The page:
Pollutants, such as dangerous drug waste, are contaminating our water system and having detrimental effects on the environment, avers Dr Peter Fisher.
THE PALASZCZUK GOVERNMENT recently hit the proverbial panic button: what if Queensland's bushfire and cyclone seasons collide later this year under the influence of climate change, but firefighters and emergency workers from southern states aren’t able to lend a hand because they’re fending off their own contagions? The Australian Defence Force is also worried about its resources becoming overstretched by natural disasters.
Having been to hell and back, it’s refreshing that at least someone in authority is prepared to own the idea that all manner of things could go wrong or become uncontrollable if we persist along the present trajectory towards climate breakdown — unless, that is, countries triple climate emission targets in order to keep global temperature rise to 2°C.
Greta’s world: An alternate reality
Yet, in the same week that Greta Thunberg made her impassioned plea to the U.N., and the IPCC released a special report, which found that a combination of storm surge and rising sea levels could monster coastal development, there came an announcement that Sydney is set to double the size of its desalination plant.
Maybe Sydney is a place where the laws of nature are different — no chance that the sea will be a problem here or indeed for other cities hocked to desalinated supply, which has been touted by the industry as operating independently of rainfall (but not emissions). If Earth could become violently inhospitable as the ,student activists contend – in the absence of drastic emission reduction – why would you situate a cornerstone of “water security” in the front line of global warming? Residents at Mont Blanc can testify as to the insanity of being in that sort of situation.
Growth and liveability: Incidents, rampaging uncertainty and emergency warnings
Such developments don’t appear to be countenanced in the water industry’s recent sustainability mantra, with its pastiche of slogans like "growth and liveability", "security through diversity" and ‘"supply independent of rainfall". These prescriptions could have been written a decade or two ago (remember “future-proofing”?), before the climate showed distinct signs of being fazed.
This isn’t a world where you can go forward in the measured way of old – another addition to desalination plant capacity here, a bit more fit for purpose irrigation water there – and so on – as the population continues to balloon under a growth and liveability drum beat. If not already, it’s becoming a first responder world — one laden with incidents, rampaging uncertainty and emergency warnings. Many have to do with contamination in one form or another and the ability to check their entry points into the water supply at source.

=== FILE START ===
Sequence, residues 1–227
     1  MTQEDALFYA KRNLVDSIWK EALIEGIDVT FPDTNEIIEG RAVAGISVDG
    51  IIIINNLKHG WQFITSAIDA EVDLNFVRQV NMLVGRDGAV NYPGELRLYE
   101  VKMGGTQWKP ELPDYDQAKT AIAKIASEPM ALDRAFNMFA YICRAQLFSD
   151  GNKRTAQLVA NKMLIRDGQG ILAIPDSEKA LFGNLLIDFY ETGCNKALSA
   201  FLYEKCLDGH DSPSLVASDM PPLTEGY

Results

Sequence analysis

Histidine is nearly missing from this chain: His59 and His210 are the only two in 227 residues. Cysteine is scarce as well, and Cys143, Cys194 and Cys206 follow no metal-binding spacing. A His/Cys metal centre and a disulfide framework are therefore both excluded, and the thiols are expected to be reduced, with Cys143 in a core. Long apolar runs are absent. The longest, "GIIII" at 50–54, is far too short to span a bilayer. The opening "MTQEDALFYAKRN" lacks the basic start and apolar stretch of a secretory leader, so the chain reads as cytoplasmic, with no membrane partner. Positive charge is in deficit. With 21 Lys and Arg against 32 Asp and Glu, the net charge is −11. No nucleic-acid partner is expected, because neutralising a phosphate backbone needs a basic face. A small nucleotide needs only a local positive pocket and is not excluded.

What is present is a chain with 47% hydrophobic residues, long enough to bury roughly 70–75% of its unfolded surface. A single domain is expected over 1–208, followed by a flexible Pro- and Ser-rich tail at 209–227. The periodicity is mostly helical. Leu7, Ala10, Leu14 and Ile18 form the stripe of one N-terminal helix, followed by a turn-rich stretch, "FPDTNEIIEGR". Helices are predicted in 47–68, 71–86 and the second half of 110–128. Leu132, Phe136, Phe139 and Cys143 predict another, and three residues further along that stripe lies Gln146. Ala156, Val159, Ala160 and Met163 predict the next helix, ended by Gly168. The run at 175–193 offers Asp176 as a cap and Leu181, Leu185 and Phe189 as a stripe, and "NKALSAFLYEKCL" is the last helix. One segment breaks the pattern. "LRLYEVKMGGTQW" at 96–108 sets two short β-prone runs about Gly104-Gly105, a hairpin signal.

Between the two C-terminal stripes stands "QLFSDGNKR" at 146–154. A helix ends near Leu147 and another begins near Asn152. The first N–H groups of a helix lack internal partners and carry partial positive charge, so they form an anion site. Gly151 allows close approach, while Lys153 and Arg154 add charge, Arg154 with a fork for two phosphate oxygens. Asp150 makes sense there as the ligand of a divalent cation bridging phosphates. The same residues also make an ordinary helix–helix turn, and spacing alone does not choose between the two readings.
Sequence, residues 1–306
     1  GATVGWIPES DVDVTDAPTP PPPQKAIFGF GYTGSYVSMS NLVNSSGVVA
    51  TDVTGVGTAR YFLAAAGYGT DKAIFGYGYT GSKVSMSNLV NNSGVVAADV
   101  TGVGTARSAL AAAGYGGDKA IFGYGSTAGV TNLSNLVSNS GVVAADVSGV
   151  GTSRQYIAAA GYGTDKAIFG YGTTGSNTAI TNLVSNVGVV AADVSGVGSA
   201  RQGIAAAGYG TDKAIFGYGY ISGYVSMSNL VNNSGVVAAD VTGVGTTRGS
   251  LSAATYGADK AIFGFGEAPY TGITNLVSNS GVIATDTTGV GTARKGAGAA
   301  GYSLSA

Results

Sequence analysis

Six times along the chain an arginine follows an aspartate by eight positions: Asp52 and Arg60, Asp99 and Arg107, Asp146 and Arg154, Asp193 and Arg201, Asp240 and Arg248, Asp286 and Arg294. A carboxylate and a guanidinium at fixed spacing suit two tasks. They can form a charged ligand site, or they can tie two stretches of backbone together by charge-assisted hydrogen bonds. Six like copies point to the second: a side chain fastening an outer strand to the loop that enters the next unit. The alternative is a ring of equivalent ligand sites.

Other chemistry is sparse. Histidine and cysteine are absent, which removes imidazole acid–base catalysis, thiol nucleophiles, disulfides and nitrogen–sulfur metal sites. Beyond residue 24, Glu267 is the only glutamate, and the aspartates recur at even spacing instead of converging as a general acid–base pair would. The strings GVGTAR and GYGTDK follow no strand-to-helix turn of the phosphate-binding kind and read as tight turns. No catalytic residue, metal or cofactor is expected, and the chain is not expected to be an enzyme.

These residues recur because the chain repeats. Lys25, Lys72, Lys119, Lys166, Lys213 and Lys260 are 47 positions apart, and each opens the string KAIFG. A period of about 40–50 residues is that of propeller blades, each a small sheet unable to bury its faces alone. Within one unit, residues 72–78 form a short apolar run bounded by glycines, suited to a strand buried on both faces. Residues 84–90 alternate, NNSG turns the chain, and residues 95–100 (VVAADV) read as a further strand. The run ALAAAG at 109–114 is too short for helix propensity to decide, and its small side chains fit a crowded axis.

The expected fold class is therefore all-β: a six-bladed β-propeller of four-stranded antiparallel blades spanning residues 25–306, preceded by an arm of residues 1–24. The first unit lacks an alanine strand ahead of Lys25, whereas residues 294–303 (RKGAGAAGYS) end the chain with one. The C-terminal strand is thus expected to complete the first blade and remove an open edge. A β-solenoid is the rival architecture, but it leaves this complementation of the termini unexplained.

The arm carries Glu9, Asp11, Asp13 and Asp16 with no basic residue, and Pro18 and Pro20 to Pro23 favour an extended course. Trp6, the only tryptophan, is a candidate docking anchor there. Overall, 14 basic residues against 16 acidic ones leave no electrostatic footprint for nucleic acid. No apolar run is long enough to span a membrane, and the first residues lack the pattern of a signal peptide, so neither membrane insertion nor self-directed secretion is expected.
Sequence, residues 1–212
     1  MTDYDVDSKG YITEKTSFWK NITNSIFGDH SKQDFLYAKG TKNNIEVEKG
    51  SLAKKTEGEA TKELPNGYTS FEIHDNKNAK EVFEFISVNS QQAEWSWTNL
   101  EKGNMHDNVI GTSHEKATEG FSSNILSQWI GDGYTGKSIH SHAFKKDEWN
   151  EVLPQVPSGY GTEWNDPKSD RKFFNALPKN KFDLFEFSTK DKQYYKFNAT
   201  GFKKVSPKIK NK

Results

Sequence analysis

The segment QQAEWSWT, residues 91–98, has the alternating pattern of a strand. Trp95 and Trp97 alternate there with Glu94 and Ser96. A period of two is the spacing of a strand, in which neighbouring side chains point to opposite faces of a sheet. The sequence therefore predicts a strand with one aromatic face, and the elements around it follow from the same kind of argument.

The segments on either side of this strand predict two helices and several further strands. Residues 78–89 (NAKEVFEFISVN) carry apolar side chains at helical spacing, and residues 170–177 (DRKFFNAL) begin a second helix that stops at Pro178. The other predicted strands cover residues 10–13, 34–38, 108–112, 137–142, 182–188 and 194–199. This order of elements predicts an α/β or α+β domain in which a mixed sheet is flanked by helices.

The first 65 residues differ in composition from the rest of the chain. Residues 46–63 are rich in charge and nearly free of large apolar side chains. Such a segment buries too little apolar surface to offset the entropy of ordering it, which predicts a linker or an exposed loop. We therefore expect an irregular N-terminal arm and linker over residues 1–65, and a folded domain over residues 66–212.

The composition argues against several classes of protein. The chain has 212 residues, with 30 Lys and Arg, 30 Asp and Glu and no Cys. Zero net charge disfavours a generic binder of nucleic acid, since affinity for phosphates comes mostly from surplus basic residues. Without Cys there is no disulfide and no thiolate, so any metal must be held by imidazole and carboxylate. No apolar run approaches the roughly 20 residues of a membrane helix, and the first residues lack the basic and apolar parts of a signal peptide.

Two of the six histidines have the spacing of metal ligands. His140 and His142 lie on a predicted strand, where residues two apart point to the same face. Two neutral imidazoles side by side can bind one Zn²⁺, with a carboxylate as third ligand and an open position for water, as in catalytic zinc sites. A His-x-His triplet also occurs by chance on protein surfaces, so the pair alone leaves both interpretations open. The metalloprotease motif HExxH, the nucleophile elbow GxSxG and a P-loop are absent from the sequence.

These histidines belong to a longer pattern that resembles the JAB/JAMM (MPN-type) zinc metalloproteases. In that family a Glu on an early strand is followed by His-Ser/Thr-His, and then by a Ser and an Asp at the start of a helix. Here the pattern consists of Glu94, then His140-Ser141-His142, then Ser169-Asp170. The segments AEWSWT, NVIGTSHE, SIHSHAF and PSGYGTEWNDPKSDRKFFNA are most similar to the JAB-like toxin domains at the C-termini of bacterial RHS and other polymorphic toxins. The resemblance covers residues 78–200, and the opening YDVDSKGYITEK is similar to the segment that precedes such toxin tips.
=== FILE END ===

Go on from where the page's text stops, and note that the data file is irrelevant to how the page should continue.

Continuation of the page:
Drowned in problems
A sector already grappling with the big dry will have its work cut out coping with powerful storms, including flooding sewers and the commensurate overloading of wastewater treatment plants. And, of course, brimming sewers also offer to return the compliment by discharging their evil contents into waterways and the sea. At the other end of the size scale, rain events like those experienced in FNQ earlier in the year could see the carcasses of thousands upon thousands of drowned livestock polluting groundwater, leaching into rivers in the process.
Back at the dams, it doesn’t get a whole lot easier either. More frequent and intense fires, apart from resourcing issues, already look to be triggering fundamental changes to the vegetation, with unknown consequence. Meanwhile, post-fire downpours promise to transport vast sediment loads and PAH contaminants into the storage, where toxic algal blooms from higher surface temperatures offer a further risk to product safety.
And that’s clearly a vital consideration.
On both sides of the equation
The growing challenge of delivering a reliable and safe water supply means that energy use is growing. The United States, for example, experienced a 39 per cent increase in electricity usage for drinking water supply and treatment, and a 74 per cent increase for wastewater treatment over the period 1996-2013, in spite of improvements in energy efficiency.